In what has widely been considered a rebuke to plaintiff law firms taking on Toyota for personal injury and economic claims resulting from the company’s unintended acceleration problems, a government study concluded this week that none of these car accidents were the result of electrical malfunctions. Instead, the report said, all unintended acceleration accidents were caused by either driver error or manufacturing problems like sticky accelerator pedals and brake pads. But despite the difficult news, plaintiff law firms are charging ahead with lawsuits against Toyota.
“There are too many reports of runaway events in vehicles with the pedal and floor mat ‘fix’ to eliminate other causes such as electronic throttle control,” said Steve Berman, who represents the multidistrict litigation for economic claims against Toyota. “Already there are those asking tough questions about the report’s methodology. We…anticipate there will be a healthy debate concerning the ways NHTSA arrives at its conclusions.”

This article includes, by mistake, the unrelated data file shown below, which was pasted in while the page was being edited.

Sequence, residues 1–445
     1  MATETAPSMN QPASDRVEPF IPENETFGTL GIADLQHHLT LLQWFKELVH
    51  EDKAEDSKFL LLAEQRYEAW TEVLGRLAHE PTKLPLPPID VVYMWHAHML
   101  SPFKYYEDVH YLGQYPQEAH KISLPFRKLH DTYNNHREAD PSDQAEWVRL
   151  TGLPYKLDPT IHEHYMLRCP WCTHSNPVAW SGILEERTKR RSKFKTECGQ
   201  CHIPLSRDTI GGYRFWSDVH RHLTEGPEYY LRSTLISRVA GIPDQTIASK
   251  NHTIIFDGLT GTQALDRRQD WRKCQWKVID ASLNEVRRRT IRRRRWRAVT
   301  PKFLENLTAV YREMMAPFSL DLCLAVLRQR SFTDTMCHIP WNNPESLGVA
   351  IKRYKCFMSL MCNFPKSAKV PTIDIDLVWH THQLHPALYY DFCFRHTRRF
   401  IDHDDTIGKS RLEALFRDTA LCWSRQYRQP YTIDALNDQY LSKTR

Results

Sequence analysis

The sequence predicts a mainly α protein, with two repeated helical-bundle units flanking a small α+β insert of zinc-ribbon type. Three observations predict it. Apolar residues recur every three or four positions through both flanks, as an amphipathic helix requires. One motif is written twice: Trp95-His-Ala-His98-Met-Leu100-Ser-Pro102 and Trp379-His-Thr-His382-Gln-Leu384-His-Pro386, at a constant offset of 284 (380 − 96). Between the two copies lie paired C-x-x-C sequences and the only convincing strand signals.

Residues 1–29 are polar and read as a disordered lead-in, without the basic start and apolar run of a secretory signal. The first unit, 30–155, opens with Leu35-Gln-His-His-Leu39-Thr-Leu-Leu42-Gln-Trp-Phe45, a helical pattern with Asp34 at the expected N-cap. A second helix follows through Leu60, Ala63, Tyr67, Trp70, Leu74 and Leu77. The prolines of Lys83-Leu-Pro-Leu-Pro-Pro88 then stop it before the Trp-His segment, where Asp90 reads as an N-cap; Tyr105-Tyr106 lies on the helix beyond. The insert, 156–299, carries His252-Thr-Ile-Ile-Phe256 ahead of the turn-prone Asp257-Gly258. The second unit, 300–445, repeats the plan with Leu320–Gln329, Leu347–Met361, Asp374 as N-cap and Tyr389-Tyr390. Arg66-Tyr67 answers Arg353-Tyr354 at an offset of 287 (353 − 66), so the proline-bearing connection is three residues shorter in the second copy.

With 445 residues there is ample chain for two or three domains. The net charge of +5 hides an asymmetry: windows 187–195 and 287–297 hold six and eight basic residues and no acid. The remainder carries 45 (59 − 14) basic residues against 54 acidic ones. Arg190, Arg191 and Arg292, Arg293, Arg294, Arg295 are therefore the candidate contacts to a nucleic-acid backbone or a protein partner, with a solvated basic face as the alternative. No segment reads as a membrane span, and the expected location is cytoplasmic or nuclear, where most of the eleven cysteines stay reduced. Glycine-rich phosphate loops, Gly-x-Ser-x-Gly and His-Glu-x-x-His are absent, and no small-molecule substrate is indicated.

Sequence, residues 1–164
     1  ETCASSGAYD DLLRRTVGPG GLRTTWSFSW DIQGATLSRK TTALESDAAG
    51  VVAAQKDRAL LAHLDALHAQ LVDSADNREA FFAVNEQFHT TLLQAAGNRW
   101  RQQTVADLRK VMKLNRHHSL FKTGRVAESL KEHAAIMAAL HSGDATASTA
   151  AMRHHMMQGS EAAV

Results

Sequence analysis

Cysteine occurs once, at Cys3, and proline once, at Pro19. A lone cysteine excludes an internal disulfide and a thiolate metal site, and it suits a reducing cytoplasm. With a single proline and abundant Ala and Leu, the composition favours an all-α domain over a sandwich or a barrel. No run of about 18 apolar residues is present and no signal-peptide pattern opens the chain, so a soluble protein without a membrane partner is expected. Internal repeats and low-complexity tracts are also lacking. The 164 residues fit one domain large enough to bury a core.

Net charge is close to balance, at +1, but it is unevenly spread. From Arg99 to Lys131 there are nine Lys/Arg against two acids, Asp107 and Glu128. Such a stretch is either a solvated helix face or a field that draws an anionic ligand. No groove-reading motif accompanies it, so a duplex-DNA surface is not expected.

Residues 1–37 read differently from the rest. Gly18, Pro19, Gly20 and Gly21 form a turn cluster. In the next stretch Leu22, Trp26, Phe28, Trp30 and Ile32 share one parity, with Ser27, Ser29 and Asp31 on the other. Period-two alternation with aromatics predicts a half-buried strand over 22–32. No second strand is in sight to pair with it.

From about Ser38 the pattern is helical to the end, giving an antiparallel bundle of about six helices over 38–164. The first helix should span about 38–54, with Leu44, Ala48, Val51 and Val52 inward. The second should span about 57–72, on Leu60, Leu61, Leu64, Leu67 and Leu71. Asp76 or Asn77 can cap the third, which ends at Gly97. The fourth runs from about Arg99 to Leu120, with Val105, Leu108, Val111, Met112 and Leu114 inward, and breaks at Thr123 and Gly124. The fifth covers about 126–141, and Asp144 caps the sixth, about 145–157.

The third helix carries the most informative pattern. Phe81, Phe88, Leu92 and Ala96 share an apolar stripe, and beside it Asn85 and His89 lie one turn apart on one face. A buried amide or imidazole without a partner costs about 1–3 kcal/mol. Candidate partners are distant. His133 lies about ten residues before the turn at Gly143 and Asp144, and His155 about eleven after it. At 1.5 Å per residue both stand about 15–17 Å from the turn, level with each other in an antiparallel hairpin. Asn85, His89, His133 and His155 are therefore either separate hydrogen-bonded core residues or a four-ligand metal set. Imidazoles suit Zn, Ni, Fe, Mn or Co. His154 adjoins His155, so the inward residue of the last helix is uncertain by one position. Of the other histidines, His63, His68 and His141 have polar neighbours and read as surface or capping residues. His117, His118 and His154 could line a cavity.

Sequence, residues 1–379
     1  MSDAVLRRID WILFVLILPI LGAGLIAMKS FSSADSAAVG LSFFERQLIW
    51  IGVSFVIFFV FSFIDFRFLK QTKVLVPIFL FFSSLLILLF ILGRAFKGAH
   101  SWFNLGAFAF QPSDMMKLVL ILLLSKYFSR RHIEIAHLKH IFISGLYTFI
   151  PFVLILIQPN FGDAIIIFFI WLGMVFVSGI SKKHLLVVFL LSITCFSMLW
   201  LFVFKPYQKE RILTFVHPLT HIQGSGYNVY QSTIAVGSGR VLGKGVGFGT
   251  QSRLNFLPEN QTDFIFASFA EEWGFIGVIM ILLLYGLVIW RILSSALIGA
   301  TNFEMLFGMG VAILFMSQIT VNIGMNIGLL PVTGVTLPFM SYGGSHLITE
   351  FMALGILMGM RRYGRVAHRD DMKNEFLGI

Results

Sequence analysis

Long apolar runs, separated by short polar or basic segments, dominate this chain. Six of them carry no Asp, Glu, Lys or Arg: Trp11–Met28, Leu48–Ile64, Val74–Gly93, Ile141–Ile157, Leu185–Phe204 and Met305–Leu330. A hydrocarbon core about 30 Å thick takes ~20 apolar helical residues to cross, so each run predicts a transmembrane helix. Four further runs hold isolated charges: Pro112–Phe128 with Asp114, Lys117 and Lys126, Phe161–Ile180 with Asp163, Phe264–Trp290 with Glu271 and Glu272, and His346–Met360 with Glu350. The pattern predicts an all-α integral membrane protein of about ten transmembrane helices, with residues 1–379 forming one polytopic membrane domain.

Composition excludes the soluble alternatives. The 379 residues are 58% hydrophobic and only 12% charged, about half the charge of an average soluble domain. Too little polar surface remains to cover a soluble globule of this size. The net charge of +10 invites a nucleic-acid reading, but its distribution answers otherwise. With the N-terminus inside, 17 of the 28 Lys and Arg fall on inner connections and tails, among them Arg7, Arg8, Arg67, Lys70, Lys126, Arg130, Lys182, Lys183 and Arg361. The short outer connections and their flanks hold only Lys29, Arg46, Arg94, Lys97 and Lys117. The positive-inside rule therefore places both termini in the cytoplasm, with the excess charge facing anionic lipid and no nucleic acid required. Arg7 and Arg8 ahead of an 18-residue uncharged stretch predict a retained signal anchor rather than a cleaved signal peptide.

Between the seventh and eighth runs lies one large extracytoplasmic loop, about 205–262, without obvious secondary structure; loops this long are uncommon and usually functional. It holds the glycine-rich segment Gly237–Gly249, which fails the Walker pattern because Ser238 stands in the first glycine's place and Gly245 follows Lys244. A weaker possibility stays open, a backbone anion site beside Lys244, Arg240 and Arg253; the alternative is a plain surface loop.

Of course, plaintiff law firms aren’t so opaque to claim that the government report will have no impact on their lawsuits. Donald Slavik, an attorney representing plaintiffs with personal injury and wrongful death claims against Toyota said the company’s lawyers will likely enter court “waiving it around claiming they’ve been exonerated.” More than that, the report is sure to have an impact on public opinion, which means that jurors could enter the case aware of it and easily swayed when it is brought up by the defense. That public perception could also be influenced by the $50 million safety institute Toyota launched last month in Michigan.
We’re still relatively near the beginning of a long back-and-forth process of multidistrict litigation against Toyota. New reports suggest, for example, that the first cases won’t begin until summer of 2013. So in the mean time, plaintiff law firms will remain optimistic. Plaintiff law firms even see some light in this week’s report, which urged the installation of brake-override systems in future vehicles. “Had Toyota included a brake-override system, as have other manufacturers” said Berman, “it is clear to us that the company would have prevented a series of well-documented accidents and fatalities.”
Photo credit: diongillard